By Ann Firestone Ungar
Your Invisible Corset, a feminist reimagining of Bram Stoker’s Dracula, the iconic vampire tale, focuses on a woman named Mina, sensitively and strongly played by the script’s gifted playwright, Patricia Lynn. Mina is in a psychiatric hospital where she’s being treated for trauma associated with visions of her dead friend Lucy, affectingly played by Emily Kitchens. Lucy comes to Mina with tales of her relationship with “the master,” a force which promises liberation of women from their invisible corsets, inhibiting them from realizing their potential “locked inside.” Mina is seduced by the psychological projection of her dead friend’s master and she finds herself stalked by this monster.
The characters move between scenes of reality in the hospital where Mina is treated by Susan, a doctor (Elizabeth Anne Rimar), and scenes with the fantastical undead, Lucy and Dracula. Mina is married to John (Patrick T. Horn), an attorney whose job of late has become a vampire killer. The couple love each other, and John battles for the sanity of his wife as she battles her visions and tries to maintain clarity of mind.
It’s not a spoiler, I hope, to tell you that sane reality triumphs over a shrouded monster whose goal is to conquer the world through deception and bloody seduction which creates in its victims a mindless loyalty.
That’s the tale, in short, but it’s the journey on which Hunger & Thirst Theatre takes us that makes this production vital and intriguing. Everyone on stage is stunningly good. To mention another, I turn to Renfield, played by Lauren Lubow. Renfield, a patient in the hospital, is, as Dr. Susan tells us, a zoophagous maniac. She consumes the blood of animals (starting with flies and moving up the scale of living creatures), hoping to become a faithful servant of Dracula. Ms. Lubow’s character, with haunting Transylvanian accent, is so real, so fully obsessed, so scary, that we fully understand Mina’s fascination with her.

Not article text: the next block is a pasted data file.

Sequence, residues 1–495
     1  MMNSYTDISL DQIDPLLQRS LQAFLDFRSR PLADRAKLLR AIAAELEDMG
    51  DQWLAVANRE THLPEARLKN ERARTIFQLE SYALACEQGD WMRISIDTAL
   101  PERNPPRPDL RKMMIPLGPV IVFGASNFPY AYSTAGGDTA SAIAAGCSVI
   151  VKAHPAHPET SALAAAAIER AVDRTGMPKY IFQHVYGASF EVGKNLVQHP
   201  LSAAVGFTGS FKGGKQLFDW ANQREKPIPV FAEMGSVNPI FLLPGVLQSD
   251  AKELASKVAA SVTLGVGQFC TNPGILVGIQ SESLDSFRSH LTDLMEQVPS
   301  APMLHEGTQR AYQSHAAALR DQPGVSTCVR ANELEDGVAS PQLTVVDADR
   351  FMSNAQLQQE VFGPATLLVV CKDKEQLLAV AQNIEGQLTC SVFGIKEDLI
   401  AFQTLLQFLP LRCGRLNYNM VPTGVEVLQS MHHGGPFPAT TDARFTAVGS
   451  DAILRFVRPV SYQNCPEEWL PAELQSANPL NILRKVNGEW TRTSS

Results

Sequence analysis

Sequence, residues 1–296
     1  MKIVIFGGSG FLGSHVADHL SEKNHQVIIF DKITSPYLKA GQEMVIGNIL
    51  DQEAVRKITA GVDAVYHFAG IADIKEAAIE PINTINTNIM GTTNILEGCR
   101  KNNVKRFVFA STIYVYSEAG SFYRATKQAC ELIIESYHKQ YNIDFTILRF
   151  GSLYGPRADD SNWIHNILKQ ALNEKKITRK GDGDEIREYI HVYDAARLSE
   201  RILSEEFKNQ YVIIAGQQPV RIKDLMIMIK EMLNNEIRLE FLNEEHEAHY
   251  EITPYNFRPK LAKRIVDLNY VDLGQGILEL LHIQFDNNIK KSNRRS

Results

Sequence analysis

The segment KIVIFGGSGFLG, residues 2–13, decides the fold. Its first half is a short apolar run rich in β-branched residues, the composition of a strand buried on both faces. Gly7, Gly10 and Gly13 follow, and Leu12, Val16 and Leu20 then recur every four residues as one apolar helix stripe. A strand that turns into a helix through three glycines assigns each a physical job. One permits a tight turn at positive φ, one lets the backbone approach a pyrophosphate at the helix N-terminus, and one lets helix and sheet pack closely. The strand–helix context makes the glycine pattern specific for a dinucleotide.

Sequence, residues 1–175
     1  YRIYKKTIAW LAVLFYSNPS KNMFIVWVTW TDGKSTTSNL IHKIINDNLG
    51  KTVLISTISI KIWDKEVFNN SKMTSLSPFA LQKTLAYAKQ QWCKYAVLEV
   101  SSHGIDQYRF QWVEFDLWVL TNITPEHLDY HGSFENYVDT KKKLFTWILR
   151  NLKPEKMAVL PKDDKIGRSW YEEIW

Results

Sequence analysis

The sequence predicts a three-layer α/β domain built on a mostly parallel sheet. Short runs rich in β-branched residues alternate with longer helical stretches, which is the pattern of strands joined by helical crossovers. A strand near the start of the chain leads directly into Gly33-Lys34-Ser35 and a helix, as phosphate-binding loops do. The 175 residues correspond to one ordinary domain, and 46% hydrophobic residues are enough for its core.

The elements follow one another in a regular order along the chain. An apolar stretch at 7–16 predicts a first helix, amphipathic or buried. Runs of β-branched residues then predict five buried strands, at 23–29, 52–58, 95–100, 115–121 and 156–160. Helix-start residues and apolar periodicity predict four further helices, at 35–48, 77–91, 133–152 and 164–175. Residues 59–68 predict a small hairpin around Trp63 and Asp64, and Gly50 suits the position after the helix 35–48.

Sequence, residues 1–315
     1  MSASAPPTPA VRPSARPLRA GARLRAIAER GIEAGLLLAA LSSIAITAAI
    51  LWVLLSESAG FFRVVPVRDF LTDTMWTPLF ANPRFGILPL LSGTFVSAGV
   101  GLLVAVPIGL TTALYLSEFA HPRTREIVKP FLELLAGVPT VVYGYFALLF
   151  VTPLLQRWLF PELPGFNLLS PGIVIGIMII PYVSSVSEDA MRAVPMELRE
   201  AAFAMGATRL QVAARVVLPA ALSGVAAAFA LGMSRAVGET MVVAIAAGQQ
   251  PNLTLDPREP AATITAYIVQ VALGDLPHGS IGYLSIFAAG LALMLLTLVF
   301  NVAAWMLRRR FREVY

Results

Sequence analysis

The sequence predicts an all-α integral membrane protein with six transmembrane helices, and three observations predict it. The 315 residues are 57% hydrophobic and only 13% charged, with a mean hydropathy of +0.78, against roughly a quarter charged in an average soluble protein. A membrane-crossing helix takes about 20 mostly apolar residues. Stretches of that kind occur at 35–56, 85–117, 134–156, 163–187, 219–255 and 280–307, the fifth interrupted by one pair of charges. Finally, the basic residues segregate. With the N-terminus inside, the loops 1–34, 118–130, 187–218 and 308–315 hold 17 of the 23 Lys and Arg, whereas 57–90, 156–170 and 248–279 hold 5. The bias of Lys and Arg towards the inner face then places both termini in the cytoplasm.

I commend the director, Jacob Titus, for translating his lucid vision of this deeply interesting script to the stage; Jordan Reeves, movement and production designer, for his stark and stunning set of blond wooden coffins, often abstract and of multiple uses, on a blond wooden floor; and for his muscular movement and fight choreography which is appropriately frightening.
Sound designer Randall Benichak gives us, for example, Cole Porter’s Night and Day, the theme song of the evening, as the audience waits for the production to begin. It plays over and over, sung in a wide variety of styles, suggesting obsessions of many kinds. “Night and day, you are the one. Only you beneath the moon and under the sun. Whether near to me or far, it’s no matter darling where you are I dream of you, night and day.” Here we have the essence of beliefs in the extreme: dangerous and potentially self-defeating. Even, and especially, Dracula learns that.
YOUR INVISIBLE CORSET – written by Patricia Lynn and directed by Jacob Titus
WITH: Patrick T. Horn (John), Patricia Lynn (Mina), Elizabeth Anne Rimar (Susan), Emily Kitchens (Lucy), Lauren Lebow (Renfield), Nathan Reese Edmondson (Count Dracula)
Heather Olmstead (Stage Manager), Elliott Karliner (Assistant Stage Manager), Jordan Reeves (Movement and Production Designer), Yi-Chung Chen (Lighting Designer), Randall Benichak (Sound Designer)
Presented by Hunger & Thirst Theatre at the Flamboyan Theater at The Clemente (107 Suffolk Street between Rivington and Delancey, New York, NY) through Saturday October 27. The performance schedule is Thursday at 7pm, Friday-Saturday at 8pm, and Sunday at 2pm. There is an additional performance on Saturday, October 27 at 2pm. For tickets and more information, visit www.hungerandthirsttheatre.com.